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Appeal Court frees grave digger who killed colleague at graveside

A grave-digger who killed his colleague during a night fight beside a grave they were digging in Ungunja, Siaya County, has been set free by the Court of Appeal following a successful appeal.

Caroly Owino Oluoch was set free after convincing the appellate judges that a high judge who handed him a 10-year jail term for manslaughter erred in law.

Oluoch had argued that Justice James Makau failed to put into consideration various mitigating factors thus meting out an excessive sentence.

The convict also accused the judge of failing to address his mind to emerging jurisprudence on sentencing for the offence of manslaughter exercising his discretion wrongly for an excessive sentence in the circumstances of the case.

The appellate judges even pointed out that the High court colleague failed to put into consideration the probation report and Oluoch’s mitigation and set Oluoch free unconditionally.

Oluoch had submitted that Makau ignored various mitigating factors which would have led him to give him a lesser sentence.

These included the fact that the act happened amidst a lot of drinking meaning there was no mens rea; (intention or knowledge) and the deceased was the aggressor.

Oluoch also, through his advocate argued that Makau failed to consider that he was a first offender; and his family subsequently undertook to cater for the deceased’s family.

He convinced the appellate judges Patrick Kiange, Fatuma Sichale, and Sankale Ole Kantai to find that the learned Judge misdirected himself in respect of the mitigating factors and arrived at a manifestly excessive sentence.

“Ultimately and inevitably, we find that this appeal has merit. We set aside the 10-year sentence, reducing it to time already served. We order that he be set at liberty forthwith unless he is otherwise lawfully held,” they unanimously ruled.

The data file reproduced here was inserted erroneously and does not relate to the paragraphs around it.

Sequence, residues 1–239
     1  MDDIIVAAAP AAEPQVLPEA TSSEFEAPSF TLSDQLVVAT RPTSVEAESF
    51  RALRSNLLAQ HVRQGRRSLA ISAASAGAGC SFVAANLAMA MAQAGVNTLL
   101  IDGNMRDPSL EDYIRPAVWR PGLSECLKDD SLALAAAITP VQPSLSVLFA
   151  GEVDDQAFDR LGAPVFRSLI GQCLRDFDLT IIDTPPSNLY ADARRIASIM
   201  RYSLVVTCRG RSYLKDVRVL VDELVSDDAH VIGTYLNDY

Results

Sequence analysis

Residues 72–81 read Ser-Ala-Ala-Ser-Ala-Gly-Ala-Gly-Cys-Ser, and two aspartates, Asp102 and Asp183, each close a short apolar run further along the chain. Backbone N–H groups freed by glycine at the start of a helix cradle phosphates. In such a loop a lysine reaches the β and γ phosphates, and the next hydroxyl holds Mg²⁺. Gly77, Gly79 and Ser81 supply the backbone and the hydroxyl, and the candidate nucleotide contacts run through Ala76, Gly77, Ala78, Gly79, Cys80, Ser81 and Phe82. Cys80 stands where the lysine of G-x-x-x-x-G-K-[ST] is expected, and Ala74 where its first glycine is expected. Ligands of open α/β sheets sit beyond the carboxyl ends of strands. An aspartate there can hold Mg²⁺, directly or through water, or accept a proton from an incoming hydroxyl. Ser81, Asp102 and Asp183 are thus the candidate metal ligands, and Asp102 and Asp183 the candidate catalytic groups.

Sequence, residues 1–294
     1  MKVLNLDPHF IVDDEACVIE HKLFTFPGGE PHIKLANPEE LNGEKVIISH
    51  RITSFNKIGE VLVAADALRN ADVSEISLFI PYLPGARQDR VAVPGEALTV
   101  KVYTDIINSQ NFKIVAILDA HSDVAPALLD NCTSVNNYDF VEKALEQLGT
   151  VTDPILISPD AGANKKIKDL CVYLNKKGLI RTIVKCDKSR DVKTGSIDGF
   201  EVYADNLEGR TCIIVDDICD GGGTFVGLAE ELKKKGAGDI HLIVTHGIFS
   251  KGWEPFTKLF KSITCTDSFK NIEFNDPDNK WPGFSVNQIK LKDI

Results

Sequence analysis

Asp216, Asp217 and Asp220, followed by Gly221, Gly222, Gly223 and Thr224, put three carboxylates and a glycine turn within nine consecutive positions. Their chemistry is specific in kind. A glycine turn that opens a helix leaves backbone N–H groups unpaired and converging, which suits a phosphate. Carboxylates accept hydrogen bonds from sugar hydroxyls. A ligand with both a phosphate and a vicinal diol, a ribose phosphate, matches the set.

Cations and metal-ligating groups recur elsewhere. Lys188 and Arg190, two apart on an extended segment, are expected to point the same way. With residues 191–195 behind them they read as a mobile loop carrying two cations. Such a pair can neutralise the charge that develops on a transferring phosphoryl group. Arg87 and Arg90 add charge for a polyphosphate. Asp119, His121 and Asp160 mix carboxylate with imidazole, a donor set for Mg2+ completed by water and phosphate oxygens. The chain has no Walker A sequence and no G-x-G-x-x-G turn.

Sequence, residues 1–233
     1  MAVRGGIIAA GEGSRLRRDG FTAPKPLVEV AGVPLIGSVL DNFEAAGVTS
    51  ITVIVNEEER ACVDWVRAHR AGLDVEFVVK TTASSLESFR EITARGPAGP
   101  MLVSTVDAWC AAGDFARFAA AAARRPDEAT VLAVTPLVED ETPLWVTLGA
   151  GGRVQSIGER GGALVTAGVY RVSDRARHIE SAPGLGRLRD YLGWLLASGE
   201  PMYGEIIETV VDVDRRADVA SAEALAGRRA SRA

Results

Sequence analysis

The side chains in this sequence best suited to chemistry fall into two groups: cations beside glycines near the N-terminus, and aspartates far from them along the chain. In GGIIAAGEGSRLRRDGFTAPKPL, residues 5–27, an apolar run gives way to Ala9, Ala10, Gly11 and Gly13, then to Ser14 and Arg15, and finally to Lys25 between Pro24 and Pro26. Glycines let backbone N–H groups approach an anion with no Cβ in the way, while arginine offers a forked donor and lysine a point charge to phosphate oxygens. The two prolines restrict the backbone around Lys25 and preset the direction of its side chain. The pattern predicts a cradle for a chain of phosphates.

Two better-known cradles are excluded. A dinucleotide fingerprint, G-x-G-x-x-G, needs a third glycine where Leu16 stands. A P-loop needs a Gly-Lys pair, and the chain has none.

The three said from the record, “it is disturbingly clear that the learned Judge failed to take into account and give due credit to the mitigation by the appellant’s counsel and the probation report from the Probation Services”.

The judges said the facts of the case show that both parties were drunk and that the deceased was the aggressor, the same is corroborated by the probation report which gave a detailed account of the events which led to the unfortunate attack.

The report described the appellant as a hardworking and honest individual who was considered to be the best mason in the community.

But the predicament of Oluoch who has been incarcerated since April 2015 and the deceased Charles Okumu Odero is an unfortunate tale of two young men who fought under influence of alcohol leading to the death of one and the incarceration of the other.

The two were among young men hired to dig a grave on April 26, 2015, which happens at night in their place and done while the diggers take alcohol, as a custom.

The deceased had accused Oluoch of making noise while drinking alcohol and a fight ensued between them before Oluoch, amazon, took a spade and hit him twice.

He was taken to a hospital before transfer to the Jaramongi Onginga Odinga Referral Hospital where he died on May 6, nine days after the assault. Oluoch turned himself in at Ungunja police station where he was arrested and charged with murder on June 3, 2015 which he denied.

The prosecution reduced the same to manslaughter on July 25 of the same year to which he pleaded guilty.

Oluoch was sentenced to serve 10 years in jail on October 6, 2016.

But he filed an appeal despite a probation report in which his village-mates described him as a self-dependent, hardworking man who was the best mason in the area and was not a threat to anyone because he had no previous criminal records.

The judges said the trial process does not stop at convicting the accused.

“There is no doubt in our minds that sentencing is a crucial component of a trial. It is during sentencing that the court hears submissions that impact on sentencing. This necessarily means that the principle of fair trial must be accorded to the sentencing stage too.

“From the foregoing, coupled with the fact that the appellant was a first offender, swiftly and voluntarily surrendered himself to the police and pleaded guilty to the offence, we find that the 10-year sentence was excessive and highly disproportionate to his crime and the circumstances of the case,” they stated.